"The FSA is now in Regulatory Winter, a time when the most advanced city firms should be able to create their own bespoke 'rulebooks' provided they demonstrate their ability to identify and manage regulatory risk," said Lindsay Thomas, risk assurance adviser, at the first of a series of round tables hosted by QUMAS, the global compliance software company.
The round table, which was attended by 34 senior compliance professionals from 24 financial organisations and chaired by Kevin Ludwick, Head of Regulatory Services at QUMAS, addressed the topic of whether Heads of Risk Management will be Heads of Compliance in the future.
The two speakers, Michael Blane, a former head of compliance and SEC official, and Lindsay Thomas, formerly a senior FSA official, discussed the role of compliance officers as the regulatory environment moves towards a principles-based approach.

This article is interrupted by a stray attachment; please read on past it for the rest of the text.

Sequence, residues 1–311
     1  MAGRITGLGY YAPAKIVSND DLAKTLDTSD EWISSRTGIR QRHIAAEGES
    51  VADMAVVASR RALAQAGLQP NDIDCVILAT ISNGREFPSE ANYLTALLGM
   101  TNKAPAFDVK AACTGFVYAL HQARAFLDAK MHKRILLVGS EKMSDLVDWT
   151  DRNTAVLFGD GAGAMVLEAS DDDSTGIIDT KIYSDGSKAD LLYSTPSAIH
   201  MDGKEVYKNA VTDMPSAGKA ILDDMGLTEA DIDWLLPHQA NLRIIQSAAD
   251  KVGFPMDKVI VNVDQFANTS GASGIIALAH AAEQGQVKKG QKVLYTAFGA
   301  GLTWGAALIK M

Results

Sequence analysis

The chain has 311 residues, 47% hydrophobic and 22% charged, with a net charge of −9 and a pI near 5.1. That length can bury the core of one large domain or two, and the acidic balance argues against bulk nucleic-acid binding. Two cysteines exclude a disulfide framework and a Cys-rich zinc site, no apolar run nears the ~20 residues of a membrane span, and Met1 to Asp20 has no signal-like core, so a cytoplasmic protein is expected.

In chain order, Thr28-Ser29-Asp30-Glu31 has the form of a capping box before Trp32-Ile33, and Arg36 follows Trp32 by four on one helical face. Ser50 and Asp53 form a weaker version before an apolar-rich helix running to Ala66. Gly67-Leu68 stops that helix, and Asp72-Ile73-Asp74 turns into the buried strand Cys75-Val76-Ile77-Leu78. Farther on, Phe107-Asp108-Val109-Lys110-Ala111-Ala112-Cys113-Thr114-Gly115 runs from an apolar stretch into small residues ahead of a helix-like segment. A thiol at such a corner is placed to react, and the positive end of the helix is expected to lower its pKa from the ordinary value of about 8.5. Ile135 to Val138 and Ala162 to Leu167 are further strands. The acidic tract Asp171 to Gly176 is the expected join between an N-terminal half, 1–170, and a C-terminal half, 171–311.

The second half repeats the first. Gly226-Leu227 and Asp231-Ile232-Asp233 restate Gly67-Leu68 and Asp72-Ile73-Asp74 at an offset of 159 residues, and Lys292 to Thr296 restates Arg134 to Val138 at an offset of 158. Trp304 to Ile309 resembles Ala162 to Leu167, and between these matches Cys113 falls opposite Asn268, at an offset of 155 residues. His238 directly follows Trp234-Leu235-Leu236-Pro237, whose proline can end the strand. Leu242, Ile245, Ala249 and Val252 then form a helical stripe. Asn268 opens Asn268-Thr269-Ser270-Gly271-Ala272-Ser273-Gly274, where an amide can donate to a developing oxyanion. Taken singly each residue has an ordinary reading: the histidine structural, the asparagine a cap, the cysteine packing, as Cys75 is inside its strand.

Michael Blane argued that although compliance officers should be able to take a narrow view of regulatory risk, they needed a broad enterprise-wide understanding to be able to support management properly.
Lindsay Thomas said that compliance officers are already under pressure to work in a risk based way but that the way in which they modeled reputational risk would need to be significantly improved. The benefits within the FSA's principles-based regime would be the ability to take more risk and reduce compliance costs. Lindsay said that businesses will be able to agree settlements with the FSA which will give a feeling of de-regulation. Compliance and risk will no longer be purely internal issues but businesses will need to communicate their approach externally and be able to justify their actions in public. Michael Blane felt that compliance officers needed to become comfortable advising in the "grey space" between black and white decision-making.
Kevin Ludwick summarised a lively discussion: "Regulators on both sides of the Atlantic are pressing firms to manage regulatory risk more robustly. Senior management need to engage with compliance officers to characterise their regulatory risk appetite and direct their resources to mitigate the risks they do not want. Doing this without clear models and appropriate infrastructure is impossible."